The mozzarella that was made to aid in this process? It got turned into pizzas. Pizza Margherita, which is simple and fresh.
And pizza Kristie, which has bacon, caramelized onions, and three cheeses. Yowza.

Oops, no time to proofread, I have to go to kickboxing to try and work off my weekend calories. If there are mistakes, I’ll fix ’em later.

14 thoughts on “Viva Italia!”

  1. I prefer to totally botch the pronuciation of chipotle and call it "chip… pot…ul" just for fun. what fun is a mexican word if you cant bastardize it into really ignorant American versions now and then just for fun. For example tortilla "tor…till…ah". And my personal favorite – which comes out sounding dirty – fajitas "faa gite tahs". :)

  2. Shawn insists on calling Chipotle "chi-pot-ul". and Fajitas is Fuh-g-ite-tuhs. just like KaraLynne. I have some friends that also will call queso "Qwayso".

    I've always had a problem with "posthumous" to me it is Post-Humous not pahstamus.

  3. I agree with posthumous. I said "post-humous" for a long time, and now TRY to remember pahstyoumuss, but it's still difficult. Also, most French phrases trip me up–pied a terre, joie de vivre, raison d'etre…I know what they mean, but have a trixy time saying them. That said, I have bothered to learn as best I can, because sounding like a twat in public discussion doesn't appeal to me unless done intentionally.

  4. My sister-in-law, who is an extremely bright, well read, vice president of her company sort of person, used the word my-zeld for years. As in when someone intentionally misinforms you, you proclaim "I think I've been myzeld." Someone finally asked her how to spell it because they didn't know the word…misled. I think her pronunciation was much better. We use it all the time.
    Aunt Tracy

  5. Well, I apparently have been mizled on posthumous as well. Like you, I'll do my best to get it right from this point forward. I think it is a little elitist when peeps think it's okay to say words wrong as long as they know better…but that's just me. I like fresh jalapenos better than the chipotle-smoked version, but that's just me, too. Everything you make looks delicioso, and Huck is making me soooo jealous about the Chicago culinary field trip!
    Hugs! Momma

  6. There are pronunciation downfalls to every good profession. I have to teach a work by Coetzee again this semester. I only learned that his name is NOT said "Coat-Z" a few days ago. Instead it is: "cut-zee-uh"… Sort of. Afrikaans is hard.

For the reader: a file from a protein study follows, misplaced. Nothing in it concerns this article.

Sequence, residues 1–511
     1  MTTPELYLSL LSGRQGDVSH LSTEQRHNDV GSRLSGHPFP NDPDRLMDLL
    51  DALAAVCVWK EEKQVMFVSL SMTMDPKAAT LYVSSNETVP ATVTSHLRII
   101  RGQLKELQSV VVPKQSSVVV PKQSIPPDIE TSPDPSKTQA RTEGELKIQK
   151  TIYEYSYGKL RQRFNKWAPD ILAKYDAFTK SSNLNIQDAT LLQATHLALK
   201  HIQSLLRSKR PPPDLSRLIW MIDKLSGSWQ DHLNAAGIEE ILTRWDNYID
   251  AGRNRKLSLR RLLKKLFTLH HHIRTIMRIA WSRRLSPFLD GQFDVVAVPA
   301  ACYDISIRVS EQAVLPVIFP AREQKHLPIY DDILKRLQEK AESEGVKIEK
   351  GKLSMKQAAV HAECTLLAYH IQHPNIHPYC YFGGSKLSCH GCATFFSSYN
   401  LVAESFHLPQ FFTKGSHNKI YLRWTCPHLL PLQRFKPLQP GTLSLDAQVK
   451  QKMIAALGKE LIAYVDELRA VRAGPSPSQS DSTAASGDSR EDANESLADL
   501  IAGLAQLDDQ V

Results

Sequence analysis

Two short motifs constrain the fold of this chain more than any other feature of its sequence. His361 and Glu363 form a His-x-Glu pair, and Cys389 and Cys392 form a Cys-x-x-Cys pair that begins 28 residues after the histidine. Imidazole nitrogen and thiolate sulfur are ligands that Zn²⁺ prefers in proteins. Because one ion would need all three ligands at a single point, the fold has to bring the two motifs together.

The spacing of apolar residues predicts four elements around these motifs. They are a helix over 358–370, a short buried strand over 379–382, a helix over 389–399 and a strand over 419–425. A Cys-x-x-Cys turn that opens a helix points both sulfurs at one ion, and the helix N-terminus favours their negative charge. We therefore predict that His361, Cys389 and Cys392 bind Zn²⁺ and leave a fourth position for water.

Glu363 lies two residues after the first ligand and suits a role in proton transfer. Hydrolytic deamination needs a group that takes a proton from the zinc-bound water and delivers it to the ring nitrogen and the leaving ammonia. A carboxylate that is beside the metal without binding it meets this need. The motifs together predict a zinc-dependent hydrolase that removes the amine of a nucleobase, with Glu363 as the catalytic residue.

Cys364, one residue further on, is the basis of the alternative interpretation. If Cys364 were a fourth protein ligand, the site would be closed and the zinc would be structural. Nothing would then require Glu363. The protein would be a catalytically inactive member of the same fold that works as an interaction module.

7. Additionally, the pizza looks very yummy. Do you think it'd pack well? You should put it in your suitcase, fly here and we'd find out. If it didn't work out with the pizza, weeeeellll, you'd still be here.

  8. Helluva moozzuhrella! (Ugh. Like nails on a chalk board.) Having grown up in Italy, whenever I go home, going out for pizza and getting some arancini are at the top of the list for immediate gratification. Love your blog. Great shout out to the "mother land". Forza Italia!

  9. YUM! Mozzarella is sooo delicious. And homemade mozzarella is even soooo much better. I am jealous of your household right now.

    I HATE HATE HAAATE when people say chi-pol-tay. UGH It grates on my nerves.

  10. Mike and I watch a local tv food show where some chick (who is far too homely to be so smug) eats at local restaurants from the 'burbs and reviews them. She is KILLER for the el-fako Italian accent. "Pro-SHKEYOO-toe!" The only thing that's AWESOME about it is that she uses the same awful accent at ALL ETHNIC RESTAURANTS. Have you ever seen a white girl use a fake Italian accent to ask for "Cha-HAAAN-a mah-SALL-a and SAY-guh Pan-EEEray." Priceless.

    I'm kinda bummed about Robert and the expresso. I mean, I'd still totally get him drunk and shag the daylights out of the poor man (given half a chance), but knowing that, I wouldn't enjoy it as much.

    Also – YOU MADE BURRATA. So now I have questions. How did you keep the mozza skin pliable while you hunted for the strachiatella to mix with the mascarpone? And do you just use rennet and citric acid when you make mozz? I decided that mozz was next on my wicked list of cheese-mongering desires, so this post comes at an opportune time…

  11. Tina–I've made mozzarella from milk and rennet, but the yield was terrible. Now I just go to the gourmet store and buy the curd directly. It comes home all crumbly, gets warmed, stretched, formed into balls, and then dumped into salt water. I pull the scraps from the previous balls together with the mascarpone and truffle oil to make the filling. Then I take one last pile of curd and make the burrata skin, then fill with the mixture. So good.

  12. I'm late to the party, but I was watching a re-run of Chiarello's show and it was driving me nuts as he repeatedly called the wine he was using "Zinfandale". Particularly when he proudly announced he was a "Zinfandale" producer. I googled "Charello mispronunciation and found your blog. Cheers!